Madhesh, Nepal’s smallest and most populated province, lies in the Himalayan foothills near the border with India. Nearly 70 percent of families there burn wood and cow dung in open fires or biomass stoves for their daily cooking.
The resulting air pollution makes cooking a leading cause of early mortality in Nepal. In addition to the direct health risks, women and children can spend a great deal of time doing the tedious work of collecting wood. More broadly, cooking this way is a significant source of pollutants like black carbon—soot particles with a climate-warming impact up to 1,500 times stronger than the effect of carbon dioxide.
To address these challenges, the Government of Nepal (GoN) has committed to achieving universal access to clean cooking by 2030, including ensuring that 25 percent of households adopt electric cooking. The GoN has engaged the Clean Cooking Alliance (CCA) to help reach these goals. Building on a decade of collaboration with the GoN, CCA is kicking off an innovative project selling affordable electric cook stoves to 5,000 Nepalese households in Madhesh Province.
“CCA has worked hand in hand with us to drive clean cooking forward, which is an urgent necessity for our healthand well-being and to reach our climate mitigation goals” said Prof. Dr. Surendra Labh Karna, former Member of Nepal’s National Planning Committee. “This project is the culmination of data-driven research and development, and we are delighted with the leadership and convening power CCA has shown in this sector.”
The new project in Madhesh, implemented together with the Climate and Clean Air Coalition, the Berkeley Air Monitoring Group, and electric cooking provider ATEC,is deeply informed by CCA’s work in Nepal in recent years. This groundwork includes critical planning tools like the Energy Access Explorer—an interactive, open-data, geospatial platform run by the World Resource Institute, with whom CCA, the Alternative Energy Promotion Centre (AEPC), KTH Royal Institute of Technology, Kartoza, and Nepal Open University developed a clean cooking component.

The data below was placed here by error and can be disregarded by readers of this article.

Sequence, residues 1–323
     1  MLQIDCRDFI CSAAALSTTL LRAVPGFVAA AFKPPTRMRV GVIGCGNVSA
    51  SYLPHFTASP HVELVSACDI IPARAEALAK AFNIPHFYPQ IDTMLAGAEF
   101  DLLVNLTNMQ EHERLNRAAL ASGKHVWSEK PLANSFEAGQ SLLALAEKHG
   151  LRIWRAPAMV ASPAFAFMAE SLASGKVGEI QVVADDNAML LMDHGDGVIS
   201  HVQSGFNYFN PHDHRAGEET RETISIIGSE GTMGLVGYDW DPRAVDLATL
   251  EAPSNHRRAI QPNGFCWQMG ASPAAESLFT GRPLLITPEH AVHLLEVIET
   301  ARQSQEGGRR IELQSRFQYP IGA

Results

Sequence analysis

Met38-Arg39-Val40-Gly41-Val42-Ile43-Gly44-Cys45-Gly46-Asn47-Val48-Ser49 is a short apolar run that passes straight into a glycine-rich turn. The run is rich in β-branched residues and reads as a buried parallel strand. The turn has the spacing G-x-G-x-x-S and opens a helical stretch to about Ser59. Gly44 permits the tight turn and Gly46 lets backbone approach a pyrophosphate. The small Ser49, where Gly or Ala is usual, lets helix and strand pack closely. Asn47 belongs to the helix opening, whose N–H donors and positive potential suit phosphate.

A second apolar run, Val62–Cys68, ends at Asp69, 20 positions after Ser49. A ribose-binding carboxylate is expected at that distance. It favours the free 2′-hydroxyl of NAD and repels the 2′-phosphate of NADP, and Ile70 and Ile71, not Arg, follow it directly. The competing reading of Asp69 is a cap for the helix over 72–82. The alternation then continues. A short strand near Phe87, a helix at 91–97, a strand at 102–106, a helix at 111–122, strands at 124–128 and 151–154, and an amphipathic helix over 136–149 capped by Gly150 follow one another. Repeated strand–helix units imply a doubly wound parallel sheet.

“We are excited about this new breakthrough in our productive partnership with the Government of Nepal,” said Anobha Gurung, the director of CCA’s Nepal Project. “Clean cooking is at the center of climate solutions and the health and well-being of Nepalese people.”
The government’s programs have already led to significant improvement in electricity access throughout the country. CCA is helping the GoN solidify its foundation for sustained use of clean cooking by addressing market and knowledge barriers affecting the adoption of electric appliances.
In 2022, for instance, in collaboration with CCA and AEPC, the GoN launched its Country Action Plan for Transforming the Cook stoves and Fuels Market. This plan provides an evidence-based roadmap to support Nepal’s energy access goals, especially those related to the promotion of electric cooking. It’s a critical component of Nepal’s efforts to boost energy independence and meet its commitments under the Paris Climate Agreement and its national achieving net zero by 2045. In a country where nearly all electricity comes from hydropower, electric cooking holds real potential for accelerating the transition to a renewable powered energy system.